Even before the ongoing COVID-19 pandemic was declared in March 2020, the popularity of esports had been exploding. And the transition to remote and virtual recreation during the public health crisis created ideal conditions for a new post-secondary esports league in Canada.

Esports refers to any form of video game competition. Players and fans love the dramatic online battles that competitive gaming brings. Live tournaments have been especially popular, with 2018’s League of Legends World Championship finals attracting two million more views than the Super Bowl that year.

Into this fervour, Dante Provenzano and his Carleton University-based team have capitalized on this popularity by creating an esports league for post-secondary students.

The Ontario Post-Secondary Esports League — OPSE — started in the fall of 2020, focusing on an initial roster of four games: Overwatch, Rocket League, Hearthstone and League of Legends.

The highlights of uOttawa’s match against University of Toronto in the quarter-finals of OPSE’s Rocket League tournament. [Uploaded by uOttawa Esports on March 13th, 2021.]

“The conversation was, ‘Is there any league, regionally, for us to play in as the Carleton Ravens?’ And that didn’t really exist,” said Provenzano, OPSE’s head administrator. “So then … we decided, ‘Well, can we just make our own?’ ”

Provenzano runs the OPSE with team members James Fitzgerald, Martin So and Ye Fang Kuang. OPSE was born out of Tespa Carleton, Carleton’s esports club. Provenzano and the other organizers were members of Tespa before creating the OPSE, and although they do not participate in the competition, their love of esports drove them to create the competitive league.

“I think it’s really important because students — they’re already competing . . . They’re really putting in as much time, if not more, than traditional athletes are, and they deserve to be shown off more to their schools,” said Provenzano.

‘I think it’s really important because students — they’re already competing . . . They’re really putting in as much time, if not more, than traditional athletes are, and they deserve to be shown off more to their schools.’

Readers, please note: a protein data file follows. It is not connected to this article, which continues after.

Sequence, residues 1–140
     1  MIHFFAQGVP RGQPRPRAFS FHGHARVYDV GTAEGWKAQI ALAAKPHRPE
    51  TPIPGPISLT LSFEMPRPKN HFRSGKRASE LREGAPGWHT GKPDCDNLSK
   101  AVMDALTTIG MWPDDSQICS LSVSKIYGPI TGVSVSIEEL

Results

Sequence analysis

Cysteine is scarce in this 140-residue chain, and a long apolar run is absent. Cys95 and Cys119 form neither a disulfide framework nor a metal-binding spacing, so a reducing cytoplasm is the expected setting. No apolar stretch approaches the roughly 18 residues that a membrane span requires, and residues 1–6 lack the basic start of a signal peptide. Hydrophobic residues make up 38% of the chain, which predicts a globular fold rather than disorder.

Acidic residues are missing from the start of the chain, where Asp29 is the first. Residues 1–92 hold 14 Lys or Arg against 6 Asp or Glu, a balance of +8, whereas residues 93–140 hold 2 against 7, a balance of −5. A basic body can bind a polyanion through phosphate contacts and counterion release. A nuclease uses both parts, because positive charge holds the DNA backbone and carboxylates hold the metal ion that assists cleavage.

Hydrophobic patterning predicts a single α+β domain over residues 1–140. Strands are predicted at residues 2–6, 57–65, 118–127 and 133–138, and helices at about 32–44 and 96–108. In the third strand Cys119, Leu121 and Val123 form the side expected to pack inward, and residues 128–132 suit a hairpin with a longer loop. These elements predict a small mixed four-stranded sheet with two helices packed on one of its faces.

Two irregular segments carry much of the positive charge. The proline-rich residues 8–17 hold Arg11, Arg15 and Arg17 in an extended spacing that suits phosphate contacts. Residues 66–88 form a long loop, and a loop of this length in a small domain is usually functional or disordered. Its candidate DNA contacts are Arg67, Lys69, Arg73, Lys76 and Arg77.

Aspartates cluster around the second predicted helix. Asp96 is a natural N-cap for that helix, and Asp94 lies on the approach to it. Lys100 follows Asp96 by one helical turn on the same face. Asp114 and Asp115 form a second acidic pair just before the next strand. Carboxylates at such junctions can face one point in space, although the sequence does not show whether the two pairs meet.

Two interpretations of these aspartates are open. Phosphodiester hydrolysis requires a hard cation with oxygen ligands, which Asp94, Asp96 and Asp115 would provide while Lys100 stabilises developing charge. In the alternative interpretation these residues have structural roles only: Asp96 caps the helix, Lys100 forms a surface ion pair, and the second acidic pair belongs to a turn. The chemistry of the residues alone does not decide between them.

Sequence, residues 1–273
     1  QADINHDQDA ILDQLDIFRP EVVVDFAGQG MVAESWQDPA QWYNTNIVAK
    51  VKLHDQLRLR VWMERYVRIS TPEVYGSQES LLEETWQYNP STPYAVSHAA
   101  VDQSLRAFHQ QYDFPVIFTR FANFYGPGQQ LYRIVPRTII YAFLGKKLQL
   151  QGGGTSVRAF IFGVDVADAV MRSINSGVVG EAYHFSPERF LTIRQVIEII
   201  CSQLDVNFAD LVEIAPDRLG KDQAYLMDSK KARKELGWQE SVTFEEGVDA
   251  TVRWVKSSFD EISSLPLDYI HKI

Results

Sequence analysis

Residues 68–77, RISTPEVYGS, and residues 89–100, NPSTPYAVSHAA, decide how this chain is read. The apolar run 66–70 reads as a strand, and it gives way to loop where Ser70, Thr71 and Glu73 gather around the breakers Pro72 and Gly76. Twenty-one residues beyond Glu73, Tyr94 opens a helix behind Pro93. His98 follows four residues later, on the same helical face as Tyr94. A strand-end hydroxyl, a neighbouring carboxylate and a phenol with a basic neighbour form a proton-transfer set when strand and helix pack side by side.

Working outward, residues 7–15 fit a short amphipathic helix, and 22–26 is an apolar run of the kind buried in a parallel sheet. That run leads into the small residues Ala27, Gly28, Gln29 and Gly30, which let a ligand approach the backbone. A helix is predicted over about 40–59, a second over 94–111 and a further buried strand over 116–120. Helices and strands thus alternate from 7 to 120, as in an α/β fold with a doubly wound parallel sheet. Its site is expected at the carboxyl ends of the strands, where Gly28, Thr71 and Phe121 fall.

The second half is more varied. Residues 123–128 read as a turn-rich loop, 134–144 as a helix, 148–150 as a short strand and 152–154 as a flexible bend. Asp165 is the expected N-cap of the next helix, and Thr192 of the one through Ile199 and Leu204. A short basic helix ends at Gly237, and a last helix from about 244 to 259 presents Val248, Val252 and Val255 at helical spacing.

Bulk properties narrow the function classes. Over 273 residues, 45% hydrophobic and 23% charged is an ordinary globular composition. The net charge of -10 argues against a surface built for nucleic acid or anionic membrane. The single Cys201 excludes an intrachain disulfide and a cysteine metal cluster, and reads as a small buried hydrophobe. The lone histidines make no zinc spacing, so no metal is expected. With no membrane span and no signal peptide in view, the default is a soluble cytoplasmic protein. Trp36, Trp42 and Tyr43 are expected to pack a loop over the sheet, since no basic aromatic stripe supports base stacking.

— Dante Provenzano, co-founder, Ontario Post-Secondary Esports League

The OPSE has 13 university teams, such as the Waterloo Warriors and the Ryerson Rams. Its founders hope to attract more teams, as well as to legitimize and increase the status of esports as a valid form of competition alongside basketball, football, hockey and soccer.

The inaugural season of the OPSE began in October 2020 and lasted until March 2021. The season saw Carleton University win the Hearthstone tournament, Western University top the League of Legends tournament and the University of Waterloo victorious in both the Overwatch and Rocket League tournaments.

Arjun Posarajah, a third-year engineering student at the University of Windsor, is an avid fan of the OPSE.

He said he enjoys watching the streams because he sees team strategies taking shape that he can apply to his own gameplay.

“An esports league for just post-secondary students gives the opportunity for these students to be able to explore the industry,” he said. “I think this opportunity is awesome and allows for great connections, too.”

Posarajah said he enjoys competitive gaming because he feels like it shows the true ability of teamwork and cooperation. The level of gameplay combined with the potential to learn strategy is a significant draw for gamers looking to be entertained as they hone their craft.

Lots to learn

Posarajah says he enjoys watching the OPSE League of Legends matches the most, as he is “currently learning the game” and there was “lots to learn from each match from individual play and overall team play which I could use in my games.”

Second-year computer science student Arian Quader is also a fan of the OPSE competitions.

“It’s important to give people opportunities to play their favourite games on a higher level,” said the York University student. “Having (OPSE] just for post-secondary students is a real opportunity.”

Quader began to watch the streams on the OPSE Twitch channel at the beginning of the COVID-19 pandemic last March, during the OPSE’s pre-season months in which university teams practised by competing in exhibition matches.

On the potential growth of OPSE, Quader said: “The future has shown esports to be a big area of entertainment . . . It is interesting to see what the future holds for it.”

Added Posarajah: “The growth of the OPSE is inevitable as it rides the current esports hype train.  And with an expansion into more games and more teams that will lead to more viewership.”

Provenzano said the league’s focus in the immediate future is to optimize its infrastructure and backend operations. He also said the organization plans to expand the roster of games and the number of university teams involved.